[nSLUG] Debian X server help.

Paul Boudreau pbx at eastlink.ca
Wed Mar 3 12:13:24 AST 2004


Donald Teed wrote:

>On Wed, 3 Mar 2004 bdavidso at supercity.ns.ca wrote:
>
>  
>
>>Hi:
>>
>>On Sun, 29 Feb 2004, Donald Teed wrote:
>>
>>    
>>
>>>>You can do ANYTHING with Slackware.
>>>>Love those easy installs too.
>>>>There's no doubt it's the most under-rated.
>>>>        
>>>>
>>>Can you really do anything?  Try installing evolution 1.4
>>>under Slackware 9.0.
>>>      
>>>
>>First, since last September 9.1 is the current Slackware version (aside
>>from "Slackware-current" which is sort of like the Debian "testing"), so
>>for bleeding-edge apps like evolution you probably want to be using the
>>latest of whatever distro you use.
>>    
>>
>
>When I was trying to compile any version Evolution last summer,
>Slackware 9.1 didn't exist.  I updated so much stuff in Slackware 9
>(XFree86 with DRM, newest kernel available, ACPI back ports, etc.)
>that it was as good as 9.1 in many ways.
>
>Evolution 1.4 was released to great fan fair last spring/summer.
>At first they did not provide anything other than RPMs for Suse
>and Redhat.  People fumed.  Eventually they provided sources
>from CVS.  That would not compile on Slackware 9.0.
>
>Evolution 1.2 also would not compile on Slackware 9.0 because the libs
>were too new (shouldn't happen ideally, but it did).  Slackware
>packages for 1.3 existed, but as this is a development version
>it produced a nag on every start up that one should not
>be running that version.  I couldn't send that to our users.
>
>  
>
>>Second, never one to shirk a challenge, I decided to take up the gauntlet
>>you hurled above.  Of course, I'm not running 9.0, but I am running
>>Slackware.  Herewith the details:
>>    
>>
>
>Evolution 1.4 and Slackware 9.0 are an example of a situation which
>Slackware allows to happen.  If you use 9.1 you are in effect
>cheating, because the point isn't whether I could have waited for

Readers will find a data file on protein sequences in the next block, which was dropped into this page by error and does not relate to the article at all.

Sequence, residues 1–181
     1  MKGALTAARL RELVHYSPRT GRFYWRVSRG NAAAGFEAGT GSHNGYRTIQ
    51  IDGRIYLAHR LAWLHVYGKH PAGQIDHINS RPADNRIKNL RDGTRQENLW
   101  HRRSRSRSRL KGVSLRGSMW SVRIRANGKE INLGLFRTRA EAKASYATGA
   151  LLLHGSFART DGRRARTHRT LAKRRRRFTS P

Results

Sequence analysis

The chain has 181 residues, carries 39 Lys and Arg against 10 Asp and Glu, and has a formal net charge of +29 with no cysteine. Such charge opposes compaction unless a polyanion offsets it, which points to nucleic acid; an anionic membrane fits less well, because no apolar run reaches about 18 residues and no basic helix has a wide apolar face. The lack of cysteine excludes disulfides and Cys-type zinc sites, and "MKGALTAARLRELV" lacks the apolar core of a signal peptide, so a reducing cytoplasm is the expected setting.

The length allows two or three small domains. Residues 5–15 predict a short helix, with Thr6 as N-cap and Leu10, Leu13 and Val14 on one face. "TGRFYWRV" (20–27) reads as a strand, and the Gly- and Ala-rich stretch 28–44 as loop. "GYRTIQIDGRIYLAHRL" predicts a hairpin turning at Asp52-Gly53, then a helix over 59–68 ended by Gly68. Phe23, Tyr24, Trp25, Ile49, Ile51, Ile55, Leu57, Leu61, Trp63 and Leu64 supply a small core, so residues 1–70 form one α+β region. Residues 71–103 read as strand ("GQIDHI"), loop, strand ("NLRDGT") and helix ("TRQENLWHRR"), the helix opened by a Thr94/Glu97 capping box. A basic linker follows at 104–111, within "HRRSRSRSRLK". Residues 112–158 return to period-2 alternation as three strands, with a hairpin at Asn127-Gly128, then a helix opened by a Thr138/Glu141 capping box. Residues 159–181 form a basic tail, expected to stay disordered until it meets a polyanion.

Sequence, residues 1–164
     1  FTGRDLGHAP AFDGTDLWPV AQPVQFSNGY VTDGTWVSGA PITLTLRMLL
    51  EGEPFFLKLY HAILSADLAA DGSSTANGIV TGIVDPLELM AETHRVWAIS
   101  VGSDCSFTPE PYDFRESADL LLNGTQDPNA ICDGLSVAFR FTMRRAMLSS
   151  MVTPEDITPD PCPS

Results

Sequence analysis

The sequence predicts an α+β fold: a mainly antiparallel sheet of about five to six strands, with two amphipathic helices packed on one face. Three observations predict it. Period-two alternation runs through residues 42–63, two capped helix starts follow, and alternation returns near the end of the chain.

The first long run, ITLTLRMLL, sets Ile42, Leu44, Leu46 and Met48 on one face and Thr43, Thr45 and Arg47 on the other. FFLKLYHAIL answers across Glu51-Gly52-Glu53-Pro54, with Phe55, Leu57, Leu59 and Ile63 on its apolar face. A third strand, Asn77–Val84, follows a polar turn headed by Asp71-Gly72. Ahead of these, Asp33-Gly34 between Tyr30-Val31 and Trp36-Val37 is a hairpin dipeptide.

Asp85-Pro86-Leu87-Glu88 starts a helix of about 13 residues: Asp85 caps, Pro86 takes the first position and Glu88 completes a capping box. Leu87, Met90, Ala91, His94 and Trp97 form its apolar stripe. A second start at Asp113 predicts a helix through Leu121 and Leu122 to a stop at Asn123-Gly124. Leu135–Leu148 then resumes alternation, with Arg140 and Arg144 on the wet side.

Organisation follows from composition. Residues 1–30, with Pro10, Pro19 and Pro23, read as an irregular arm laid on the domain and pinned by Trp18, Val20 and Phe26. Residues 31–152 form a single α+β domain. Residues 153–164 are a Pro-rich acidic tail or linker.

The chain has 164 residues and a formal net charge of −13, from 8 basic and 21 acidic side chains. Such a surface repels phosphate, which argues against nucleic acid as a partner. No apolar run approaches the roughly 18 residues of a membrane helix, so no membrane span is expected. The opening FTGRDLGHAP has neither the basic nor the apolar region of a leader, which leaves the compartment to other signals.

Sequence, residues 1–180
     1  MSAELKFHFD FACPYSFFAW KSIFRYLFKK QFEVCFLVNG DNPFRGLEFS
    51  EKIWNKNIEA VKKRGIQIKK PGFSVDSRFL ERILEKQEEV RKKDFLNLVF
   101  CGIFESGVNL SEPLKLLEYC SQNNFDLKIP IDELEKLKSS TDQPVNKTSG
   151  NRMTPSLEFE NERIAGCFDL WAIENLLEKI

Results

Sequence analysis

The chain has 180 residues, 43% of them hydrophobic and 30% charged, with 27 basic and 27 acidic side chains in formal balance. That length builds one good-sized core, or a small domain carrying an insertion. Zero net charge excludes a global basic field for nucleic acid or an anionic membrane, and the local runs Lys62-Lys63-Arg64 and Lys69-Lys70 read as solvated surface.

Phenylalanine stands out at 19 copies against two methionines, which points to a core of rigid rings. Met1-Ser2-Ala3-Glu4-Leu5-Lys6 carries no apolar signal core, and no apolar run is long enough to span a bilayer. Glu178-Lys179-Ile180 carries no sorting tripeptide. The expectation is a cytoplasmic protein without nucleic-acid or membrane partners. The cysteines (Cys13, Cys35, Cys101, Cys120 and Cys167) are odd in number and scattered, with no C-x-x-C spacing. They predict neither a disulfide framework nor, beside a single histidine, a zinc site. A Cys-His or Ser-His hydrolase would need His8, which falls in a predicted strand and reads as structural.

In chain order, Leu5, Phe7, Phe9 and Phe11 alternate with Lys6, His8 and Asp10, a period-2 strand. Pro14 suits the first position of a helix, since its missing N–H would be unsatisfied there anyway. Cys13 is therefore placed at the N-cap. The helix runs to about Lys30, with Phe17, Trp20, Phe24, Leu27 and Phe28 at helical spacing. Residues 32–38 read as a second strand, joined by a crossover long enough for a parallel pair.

>9 months last year for 9.1 to appear, but whether I could
>provide the ideal set of desktop packages for my users in
>time for an August deployment.
>
>I googled, I tried sources, I tried CVS, I tried claimed Slackware
>packages, and nothing would provide a non-nagging Evolution at
>the point of last summer.
>
>Again, this is not a question of can I get it to work now with 9.1,
>but that the situation existed for most of last year where it
>was IMPOSSIBLE to provide Evolution to my users.
>
>Whether it failed to provide me with Evolution, or whatever,
>when an OS fails me like that, I'm not quick to say let's go back
>and enjoy the agony again.  Not when I see how Xandros, Gentoo,
>Debian and many others deal with the issue painlessly.
>
>  
>
>>>Slackware has the weakest package management I've seen in any
>>>modern Linux distro.
>>>      
>>>
>>Or most efficient?
>>    
>>
>
>This is a little like saying dead people don't eat much.
>
>  
>
>>>In Slackware you are trapped in a snapshot of time for
>>>a certain range of libc and other dependancies.
>>>      
>>>
>>What does that mean?
>>    
>>
>
>Core packages are not updated until there is a new version of
>Slackware, unlike other distros where they do consider updating
>core parts and they will do so to support a wide variety of